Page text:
In 2010, The Porcupine's Quill published The Essential Kenneth Leslie.

The Preacher

for Albert Cohoe

Constrained to call and cry the wares of God,
you stumble in the pulpit, troubled, dumb,
suddenly striken, silent as a clod,
no whispered word, not even a breath will come.
What strange antagonist takes strangle hold
upon your spirit's tendons till they bend
to breaking, and yet leaves your spirit bold
to claim a victor's blessing at the end?
There! He has gone, and going swings a gate
for swift release. Your throat, a golden flume,
the flowing torrent of a soul in spate,
mad with hwyl of spirit, fills the room.
Now we can guess the pain, the silent cry,
and whose hand struck the hollow of your thigh.

Jesus Thought Long

Jesus thought long
on an oar thinned to breaking.
It was flesh in His hands
of hard toil partaking.
Jesus found beauty
in the curl of a shaving
And truth in a yoke
worn out and past saving.

Entry written by D.S. Martin. His latest poetry collection, Conspiracy of Light: Poems Inspired by the Legacy of C.S. Lewis, is available from Wipf & Stock as is his earlier award-winning collection, Poiema.

Monday, June 22, 2015

Sergiu Mandinescu

Sergiu Mandinescu (1926—1964) is a Romanian poet who spent fourteen years of his brief life in a communist prison. While incarcerated, he was not permitted to have either pen or paper — sometimes living in solitary confinement — and so, Mandinescu had to memorize his poems as he wrote them. Whenever he shared a cell with other prisoners he was able to recite his poetry to them, but had to be careful of watchful guards and informers. Much of his poetry was lost, due to the continual mistreatment he faced from communist authorities.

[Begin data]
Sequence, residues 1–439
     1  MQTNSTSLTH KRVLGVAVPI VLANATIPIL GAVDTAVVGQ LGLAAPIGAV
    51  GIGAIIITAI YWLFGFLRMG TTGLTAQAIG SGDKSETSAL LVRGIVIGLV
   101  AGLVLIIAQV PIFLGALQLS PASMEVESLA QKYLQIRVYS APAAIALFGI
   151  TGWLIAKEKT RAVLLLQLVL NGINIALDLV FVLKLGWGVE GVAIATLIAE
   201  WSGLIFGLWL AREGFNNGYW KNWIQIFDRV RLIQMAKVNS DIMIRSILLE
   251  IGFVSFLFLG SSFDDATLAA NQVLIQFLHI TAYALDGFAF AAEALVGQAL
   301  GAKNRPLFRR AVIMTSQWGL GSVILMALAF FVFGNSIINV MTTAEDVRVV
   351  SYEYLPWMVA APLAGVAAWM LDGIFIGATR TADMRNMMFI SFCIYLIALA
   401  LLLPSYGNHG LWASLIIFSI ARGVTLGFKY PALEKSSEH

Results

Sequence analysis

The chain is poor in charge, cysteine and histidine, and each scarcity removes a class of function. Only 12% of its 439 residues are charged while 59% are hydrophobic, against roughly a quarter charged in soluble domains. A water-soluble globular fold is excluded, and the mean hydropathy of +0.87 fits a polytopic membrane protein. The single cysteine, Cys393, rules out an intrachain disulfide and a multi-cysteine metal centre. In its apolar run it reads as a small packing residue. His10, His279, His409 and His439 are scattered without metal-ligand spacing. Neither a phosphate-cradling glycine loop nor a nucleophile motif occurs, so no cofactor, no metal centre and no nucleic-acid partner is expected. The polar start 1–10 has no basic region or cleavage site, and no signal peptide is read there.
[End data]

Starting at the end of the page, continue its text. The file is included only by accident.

Like many Romanian political prisoners, Mandinescu was able to turn to his Orthodox Christian faith, which helped him to survive. It is not surprising, then, that the following poem, is in the form of a prayer.

Amen (Prison Prayer)

If I only had an angel’s quill
and the dark ink of night
perhaps only then I might
gather from all my vagaries
to write my memories
telling why I’m bleeding, I will.
Plundered stars of the night.
At the window of Hope — irons tight.
At the door of Salvation — the lock.
Our pale face, asleep on the block.
As the hatred breaks out, all its dark flame will sweep
in a split second, the fire will wring
our mind, soul and wing,
our ashes piled high, in a heap.
When the terrible hammers will shatter the silence
to pieces, as great as the penance,
our broken-up souls will be reaching the sky,
as the martyrs will burn on the pyre, up high.
Such a terrible grief and the beatings of kind
caused so many inmates to have shattered their mind
as a great many more for eternity strive
from the ones who’ve been there, just the dead are alive.
Just like him and like you, I am only a bloke:
see, My Lord? I do walk and I talk
as a true living corpse my existence is bare
I am ready, My Lord, to be taken up there.
I embrace all the pain and the anguish I merit
as I wait to be called by the heralds of Heaven
in the name of the Father, the Son and the Holy Spirit,
Amen.

Entry written by D.S. Martin. His latest poetry collection, Conspiracy of Light: Poems Inspired by the Legacy of C.S. Lewis, is available from Wipf & Stock as is his earlier award-winning collection, Poiema.